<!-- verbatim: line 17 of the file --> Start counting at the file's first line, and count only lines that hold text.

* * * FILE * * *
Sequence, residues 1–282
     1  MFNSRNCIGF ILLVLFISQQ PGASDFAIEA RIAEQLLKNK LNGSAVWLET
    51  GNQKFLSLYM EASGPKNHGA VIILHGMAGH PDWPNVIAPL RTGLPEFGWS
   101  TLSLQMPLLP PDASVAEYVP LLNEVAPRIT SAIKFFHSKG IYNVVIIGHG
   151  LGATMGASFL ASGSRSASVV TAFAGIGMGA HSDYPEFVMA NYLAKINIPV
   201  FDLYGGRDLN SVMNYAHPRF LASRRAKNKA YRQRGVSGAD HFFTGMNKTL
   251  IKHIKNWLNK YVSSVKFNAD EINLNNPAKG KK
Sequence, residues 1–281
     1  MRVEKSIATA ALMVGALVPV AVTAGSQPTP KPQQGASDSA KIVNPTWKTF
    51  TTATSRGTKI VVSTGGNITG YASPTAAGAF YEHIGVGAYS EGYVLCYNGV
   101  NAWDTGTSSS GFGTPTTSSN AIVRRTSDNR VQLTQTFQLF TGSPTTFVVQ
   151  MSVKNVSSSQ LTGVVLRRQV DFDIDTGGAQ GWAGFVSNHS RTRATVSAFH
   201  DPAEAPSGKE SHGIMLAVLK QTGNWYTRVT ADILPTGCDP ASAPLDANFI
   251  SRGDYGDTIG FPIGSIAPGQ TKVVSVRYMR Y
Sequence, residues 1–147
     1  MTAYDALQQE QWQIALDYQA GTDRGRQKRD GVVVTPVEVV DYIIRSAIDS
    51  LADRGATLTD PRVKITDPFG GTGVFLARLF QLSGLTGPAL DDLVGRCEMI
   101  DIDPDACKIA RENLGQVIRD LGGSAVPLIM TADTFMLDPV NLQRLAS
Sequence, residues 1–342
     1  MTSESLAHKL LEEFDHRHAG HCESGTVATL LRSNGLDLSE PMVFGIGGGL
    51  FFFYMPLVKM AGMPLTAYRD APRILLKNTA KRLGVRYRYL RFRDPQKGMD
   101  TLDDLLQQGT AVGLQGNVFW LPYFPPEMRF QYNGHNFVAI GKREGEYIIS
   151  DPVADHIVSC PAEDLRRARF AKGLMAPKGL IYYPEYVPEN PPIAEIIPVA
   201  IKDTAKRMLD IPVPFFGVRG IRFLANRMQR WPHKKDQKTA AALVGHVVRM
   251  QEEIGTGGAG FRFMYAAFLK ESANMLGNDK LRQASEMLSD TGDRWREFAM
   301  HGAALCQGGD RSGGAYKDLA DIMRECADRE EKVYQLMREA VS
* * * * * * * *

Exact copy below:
    51  LADRGATLTD PRVKITDPFG GTGVFLARLF QLSGLTGPAL DDLVGRCEMI